Sunday, February 13


The first time I saw a picture of model Andrej Pejic, a tingle of jealously ran down my spine and I simply thought 'Wow, this has to be one of the most stunning girls I have ever seen.' As it turned out, Anddrej is male model and an absurdly beautiful one at that. At only 19 years old, this Australian has been making major waves in the fashion industry since he was signed by Storm in February 2010. His feminine features reminisant of Cindy Crawford's bone structure and Kate Moss' body; boldly opposed the stereotypical burly, reliable, real guy type of model popularised by the global fashion market.
Pejic is part of fashion’s new 'femiman' trend, the latest in a new crop of gender bending models who have risen to prominence in the past few seasons. Fashion has embraced the gender-bending model but Pejic stands for something larger and is not just the face of a passing trend or a controversial ad campaign but the leader of a new gender fluidity in fashion. Pejic can be cast in editorials and ads as either a woman or a man, Marc Jacobs’ recent campaign featured him in men’s clothes, but Pejic usually appears in women’s apparel without any evidence that he’s really a man. 
The fashion industry is warming to gender neutrality and transsexual models and spreads are finding their way into the mainstream, probably the most famous currently being Lea T, an assistant to Riccardo Tisci the creative director of Givenchy who was starred in the Givenchy autumn/winter 2010 advertising campaign. I think this is one of the most exciting things to happen in the fashion industry for a long time and I personally can't wait to see new gorgeous androgynous models popping up in editorials and on the runways in the future.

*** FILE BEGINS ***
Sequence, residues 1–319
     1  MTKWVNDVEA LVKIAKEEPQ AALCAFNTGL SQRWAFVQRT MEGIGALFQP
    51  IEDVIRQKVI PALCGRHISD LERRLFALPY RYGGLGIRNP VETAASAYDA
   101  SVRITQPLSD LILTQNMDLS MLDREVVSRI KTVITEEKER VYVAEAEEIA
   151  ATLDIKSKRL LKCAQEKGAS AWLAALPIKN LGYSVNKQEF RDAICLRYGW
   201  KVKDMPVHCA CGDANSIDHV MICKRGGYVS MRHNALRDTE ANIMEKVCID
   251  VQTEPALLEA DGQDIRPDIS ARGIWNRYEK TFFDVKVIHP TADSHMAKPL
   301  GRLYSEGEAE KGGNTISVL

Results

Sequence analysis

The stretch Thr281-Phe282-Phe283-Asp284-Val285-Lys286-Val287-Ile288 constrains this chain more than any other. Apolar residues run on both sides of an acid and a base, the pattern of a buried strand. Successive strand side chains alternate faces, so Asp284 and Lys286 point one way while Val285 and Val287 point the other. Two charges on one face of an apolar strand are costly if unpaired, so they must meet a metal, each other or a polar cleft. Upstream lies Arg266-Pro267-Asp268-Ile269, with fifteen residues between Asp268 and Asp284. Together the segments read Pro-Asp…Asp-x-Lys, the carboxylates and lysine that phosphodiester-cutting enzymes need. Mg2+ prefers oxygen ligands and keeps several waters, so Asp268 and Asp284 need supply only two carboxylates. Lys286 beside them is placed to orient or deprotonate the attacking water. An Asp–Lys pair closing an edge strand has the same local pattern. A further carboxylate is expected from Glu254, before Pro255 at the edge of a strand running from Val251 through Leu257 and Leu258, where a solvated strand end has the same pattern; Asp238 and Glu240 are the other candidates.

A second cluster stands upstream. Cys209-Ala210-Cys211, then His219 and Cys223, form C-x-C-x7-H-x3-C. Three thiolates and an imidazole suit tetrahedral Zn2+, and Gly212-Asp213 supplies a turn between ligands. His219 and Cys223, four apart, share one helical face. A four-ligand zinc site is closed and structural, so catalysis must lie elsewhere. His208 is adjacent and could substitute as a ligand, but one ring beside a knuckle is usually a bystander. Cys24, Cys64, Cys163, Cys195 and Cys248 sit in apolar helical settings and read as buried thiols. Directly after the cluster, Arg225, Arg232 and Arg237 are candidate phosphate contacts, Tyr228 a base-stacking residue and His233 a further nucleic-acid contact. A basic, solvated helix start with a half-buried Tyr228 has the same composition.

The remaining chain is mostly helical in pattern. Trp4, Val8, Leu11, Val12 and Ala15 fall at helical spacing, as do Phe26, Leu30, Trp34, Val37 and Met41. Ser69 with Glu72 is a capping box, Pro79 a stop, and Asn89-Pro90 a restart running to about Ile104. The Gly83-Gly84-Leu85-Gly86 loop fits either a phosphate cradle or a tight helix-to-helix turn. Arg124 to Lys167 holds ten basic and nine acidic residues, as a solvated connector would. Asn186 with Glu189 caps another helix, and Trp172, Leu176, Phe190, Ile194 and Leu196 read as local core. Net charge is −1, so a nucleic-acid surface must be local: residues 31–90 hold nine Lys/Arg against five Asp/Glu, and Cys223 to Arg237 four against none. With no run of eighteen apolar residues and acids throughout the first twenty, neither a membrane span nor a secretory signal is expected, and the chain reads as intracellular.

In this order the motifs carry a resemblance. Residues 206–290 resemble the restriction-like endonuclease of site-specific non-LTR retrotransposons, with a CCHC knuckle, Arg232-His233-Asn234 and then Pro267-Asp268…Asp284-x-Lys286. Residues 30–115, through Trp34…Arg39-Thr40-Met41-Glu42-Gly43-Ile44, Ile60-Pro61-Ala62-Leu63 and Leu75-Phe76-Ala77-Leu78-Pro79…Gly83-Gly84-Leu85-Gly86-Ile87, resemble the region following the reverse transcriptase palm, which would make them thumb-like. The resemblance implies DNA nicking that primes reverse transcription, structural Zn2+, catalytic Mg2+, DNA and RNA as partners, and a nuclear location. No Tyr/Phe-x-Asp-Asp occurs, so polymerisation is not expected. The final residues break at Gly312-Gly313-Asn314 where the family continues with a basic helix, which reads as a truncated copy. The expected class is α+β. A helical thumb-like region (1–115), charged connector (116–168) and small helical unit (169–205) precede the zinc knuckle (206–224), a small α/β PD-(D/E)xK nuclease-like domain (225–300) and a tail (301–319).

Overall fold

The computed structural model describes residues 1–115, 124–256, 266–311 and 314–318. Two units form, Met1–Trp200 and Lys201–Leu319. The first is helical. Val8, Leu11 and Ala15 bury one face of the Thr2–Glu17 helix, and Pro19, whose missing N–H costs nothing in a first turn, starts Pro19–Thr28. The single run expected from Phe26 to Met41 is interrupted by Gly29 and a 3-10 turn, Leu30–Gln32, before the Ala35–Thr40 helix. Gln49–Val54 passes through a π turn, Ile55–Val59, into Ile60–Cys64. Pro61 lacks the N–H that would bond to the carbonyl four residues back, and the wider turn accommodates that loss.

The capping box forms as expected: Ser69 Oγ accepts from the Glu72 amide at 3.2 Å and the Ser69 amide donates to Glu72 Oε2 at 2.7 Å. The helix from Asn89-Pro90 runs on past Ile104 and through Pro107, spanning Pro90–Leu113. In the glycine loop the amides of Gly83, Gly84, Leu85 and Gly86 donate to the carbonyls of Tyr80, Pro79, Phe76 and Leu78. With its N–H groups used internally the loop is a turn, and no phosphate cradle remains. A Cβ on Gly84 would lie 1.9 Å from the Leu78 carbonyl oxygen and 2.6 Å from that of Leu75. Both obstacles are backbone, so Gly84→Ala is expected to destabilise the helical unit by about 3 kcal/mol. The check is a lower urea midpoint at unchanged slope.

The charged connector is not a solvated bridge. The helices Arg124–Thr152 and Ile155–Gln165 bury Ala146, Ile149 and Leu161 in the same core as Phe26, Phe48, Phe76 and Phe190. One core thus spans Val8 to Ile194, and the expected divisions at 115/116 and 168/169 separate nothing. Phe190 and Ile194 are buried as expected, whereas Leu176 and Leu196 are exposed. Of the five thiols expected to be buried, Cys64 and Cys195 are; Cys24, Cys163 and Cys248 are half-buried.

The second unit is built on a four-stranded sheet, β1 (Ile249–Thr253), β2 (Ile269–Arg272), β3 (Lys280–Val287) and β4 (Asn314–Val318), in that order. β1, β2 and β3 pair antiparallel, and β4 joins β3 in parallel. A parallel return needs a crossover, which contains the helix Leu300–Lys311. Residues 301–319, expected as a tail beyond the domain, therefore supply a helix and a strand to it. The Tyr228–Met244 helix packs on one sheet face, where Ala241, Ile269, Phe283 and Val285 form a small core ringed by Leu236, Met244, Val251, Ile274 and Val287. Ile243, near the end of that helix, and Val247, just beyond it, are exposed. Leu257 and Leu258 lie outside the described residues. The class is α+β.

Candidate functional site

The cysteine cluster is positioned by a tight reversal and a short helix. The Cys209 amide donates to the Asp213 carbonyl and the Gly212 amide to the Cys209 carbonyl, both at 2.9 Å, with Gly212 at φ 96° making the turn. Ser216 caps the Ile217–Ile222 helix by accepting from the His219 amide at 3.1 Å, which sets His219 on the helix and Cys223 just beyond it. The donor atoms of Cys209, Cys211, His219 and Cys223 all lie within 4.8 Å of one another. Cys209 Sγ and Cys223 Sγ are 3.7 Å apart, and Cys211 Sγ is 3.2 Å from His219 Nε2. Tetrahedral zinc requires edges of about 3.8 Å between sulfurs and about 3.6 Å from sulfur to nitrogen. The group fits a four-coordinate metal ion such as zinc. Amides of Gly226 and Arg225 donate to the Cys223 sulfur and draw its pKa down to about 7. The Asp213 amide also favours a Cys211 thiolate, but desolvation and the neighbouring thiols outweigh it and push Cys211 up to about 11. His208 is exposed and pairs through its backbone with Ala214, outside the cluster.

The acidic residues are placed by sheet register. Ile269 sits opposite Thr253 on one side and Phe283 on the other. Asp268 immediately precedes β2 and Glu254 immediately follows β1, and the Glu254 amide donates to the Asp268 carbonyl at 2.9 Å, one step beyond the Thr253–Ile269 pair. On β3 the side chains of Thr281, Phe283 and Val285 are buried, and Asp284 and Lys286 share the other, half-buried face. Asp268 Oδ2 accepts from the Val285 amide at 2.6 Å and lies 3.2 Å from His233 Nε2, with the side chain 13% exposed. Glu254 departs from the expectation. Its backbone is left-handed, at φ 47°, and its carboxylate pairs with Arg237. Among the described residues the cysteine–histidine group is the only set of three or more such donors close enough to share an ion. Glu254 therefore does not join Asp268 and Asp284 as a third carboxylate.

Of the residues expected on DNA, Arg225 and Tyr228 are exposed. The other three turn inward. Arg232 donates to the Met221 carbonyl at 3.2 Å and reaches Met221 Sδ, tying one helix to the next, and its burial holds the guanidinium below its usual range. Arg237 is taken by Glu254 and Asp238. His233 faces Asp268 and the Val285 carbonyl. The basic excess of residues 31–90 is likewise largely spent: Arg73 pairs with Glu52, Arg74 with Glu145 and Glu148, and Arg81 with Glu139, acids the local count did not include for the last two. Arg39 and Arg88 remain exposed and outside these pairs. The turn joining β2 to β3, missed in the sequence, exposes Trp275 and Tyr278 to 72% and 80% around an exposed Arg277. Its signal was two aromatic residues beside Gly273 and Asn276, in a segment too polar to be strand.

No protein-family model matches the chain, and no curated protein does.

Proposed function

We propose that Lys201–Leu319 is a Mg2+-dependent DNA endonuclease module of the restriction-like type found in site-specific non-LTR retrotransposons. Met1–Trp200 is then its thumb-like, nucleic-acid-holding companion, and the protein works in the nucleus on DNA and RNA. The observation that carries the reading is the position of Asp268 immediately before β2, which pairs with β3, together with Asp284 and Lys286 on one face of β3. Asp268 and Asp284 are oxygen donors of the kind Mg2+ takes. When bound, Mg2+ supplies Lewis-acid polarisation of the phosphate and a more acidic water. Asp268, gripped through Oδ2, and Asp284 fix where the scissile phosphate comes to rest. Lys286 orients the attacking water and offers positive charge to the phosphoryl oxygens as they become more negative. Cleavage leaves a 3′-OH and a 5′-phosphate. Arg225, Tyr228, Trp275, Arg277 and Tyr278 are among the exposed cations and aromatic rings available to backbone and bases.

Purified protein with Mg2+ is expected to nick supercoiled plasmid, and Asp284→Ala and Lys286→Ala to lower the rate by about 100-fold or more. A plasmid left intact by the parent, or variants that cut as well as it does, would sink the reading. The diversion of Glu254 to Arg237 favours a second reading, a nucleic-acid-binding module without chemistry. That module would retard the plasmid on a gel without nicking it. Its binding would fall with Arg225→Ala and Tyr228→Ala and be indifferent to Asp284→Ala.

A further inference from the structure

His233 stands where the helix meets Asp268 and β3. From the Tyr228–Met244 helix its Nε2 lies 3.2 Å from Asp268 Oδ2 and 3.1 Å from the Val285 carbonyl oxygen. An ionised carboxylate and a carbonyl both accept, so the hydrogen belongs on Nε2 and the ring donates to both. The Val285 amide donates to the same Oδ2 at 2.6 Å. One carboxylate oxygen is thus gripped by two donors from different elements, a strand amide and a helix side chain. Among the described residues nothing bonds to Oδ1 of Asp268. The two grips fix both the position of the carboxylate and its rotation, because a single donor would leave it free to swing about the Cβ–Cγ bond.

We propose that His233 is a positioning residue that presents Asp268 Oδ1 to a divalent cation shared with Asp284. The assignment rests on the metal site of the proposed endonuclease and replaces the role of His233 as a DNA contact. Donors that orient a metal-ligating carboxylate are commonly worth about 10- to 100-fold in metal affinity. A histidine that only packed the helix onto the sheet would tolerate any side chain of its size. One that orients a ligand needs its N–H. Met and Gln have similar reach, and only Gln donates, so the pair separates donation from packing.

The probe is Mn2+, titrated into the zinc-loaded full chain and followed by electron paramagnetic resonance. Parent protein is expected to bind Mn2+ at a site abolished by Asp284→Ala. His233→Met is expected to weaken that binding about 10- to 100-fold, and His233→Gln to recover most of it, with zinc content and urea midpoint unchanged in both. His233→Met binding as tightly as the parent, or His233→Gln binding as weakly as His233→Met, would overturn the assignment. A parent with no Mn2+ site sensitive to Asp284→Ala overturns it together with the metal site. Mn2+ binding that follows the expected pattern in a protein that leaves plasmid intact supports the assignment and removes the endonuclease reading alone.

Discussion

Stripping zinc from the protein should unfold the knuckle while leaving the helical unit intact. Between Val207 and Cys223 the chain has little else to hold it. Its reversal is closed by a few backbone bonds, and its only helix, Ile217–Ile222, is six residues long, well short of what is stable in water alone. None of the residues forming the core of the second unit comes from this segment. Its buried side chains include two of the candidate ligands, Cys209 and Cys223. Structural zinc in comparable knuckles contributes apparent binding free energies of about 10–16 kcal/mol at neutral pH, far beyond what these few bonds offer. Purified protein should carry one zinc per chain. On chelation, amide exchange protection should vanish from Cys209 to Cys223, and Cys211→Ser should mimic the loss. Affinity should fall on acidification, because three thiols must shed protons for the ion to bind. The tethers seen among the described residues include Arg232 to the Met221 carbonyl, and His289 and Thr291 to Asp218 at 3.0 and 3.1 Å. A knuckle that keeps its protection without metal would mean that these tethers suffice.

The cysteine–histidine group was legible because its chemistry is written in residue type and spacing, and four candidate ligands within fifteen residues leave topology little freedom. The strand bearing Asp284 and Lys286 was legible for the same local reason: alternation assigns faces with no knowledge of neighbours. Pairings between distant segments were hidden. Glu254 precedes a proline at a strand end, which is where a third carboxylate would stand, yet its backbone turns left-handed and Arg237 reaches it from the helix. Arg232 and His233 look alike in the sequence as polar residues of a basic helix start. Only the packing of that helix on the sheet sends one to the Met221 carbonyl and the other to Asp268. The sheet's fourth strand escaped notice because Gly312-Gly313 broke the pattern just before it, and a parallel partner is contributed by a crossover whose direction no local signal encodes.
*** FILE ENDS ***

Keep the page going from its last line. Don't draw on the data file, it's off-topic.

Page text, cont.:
Monday, February 7


PI salute you: Beth Ditto of U.S. band Gossip presents a creation by French designer Jean-Paul Gaultier as part of his Spring/Summer 2011 fashion show in ParisAs a non-size zero, I look at the models that grace the pages of Vogue and Elle and just sigh. Kate Moss has always had the most impeccable taste and style, but that doesn’t mean that what works on her body will work on an average girl. It has been a debate within the fashion industry for decades. The designers and editors did not seem to notice the reoccurring images of waif-like shapes strutting down runways and posing for photographs in the high-end fashion magazines, when realistically hardly anyone in the world can relate to their sizes. Until now.
The past few seasons mark a monumental step in the world of fashion; the comeback of curves. At the Louis Vuitton runway, old-school glam in bustier, corset-like tops and full skirts with cinched waists to create that hourglass shape were all paraded. We are not just talking about the apparent curves of a size 12 /14, Beth Ditto a size 28 strutted down the catwalk for Jean Paul Gaultier during his spring-summer 2011 ready-to-wear show at Paris fashion Week. The magazines soon caught on and began to embrace fuller-figures. Model of the moment Lara Stone, a size 8  which we must note is curvy by industry standards have made their way onto the pages of Vogue. Plus-size model Crystal Renn, (plus size in the fashion world is anything over a 12) has appeared in editorials for the magazine Glamour and walked the runway for Chanel.
If you have curves, embrace them! Show off your hourglass figure by finding a few perfect waist-clinchers, it’s all about highlighting your smallest asset. An amazing pencil skirt will show off your figure or if you are blessed with a flat stomach a colourful bandage dress will be perfect, just make sure it lays just above the knee and is no’t too short.
If you don’t have curves, create them! Those who do have a model-like frame and want to rock this then it's no problem; curves are easy to create. Wear a T shirt that’ is oversize and tuck it in to a high-waisted skirt or pair of trousers, and to finish clinch it with a thick belt to highlight your waist.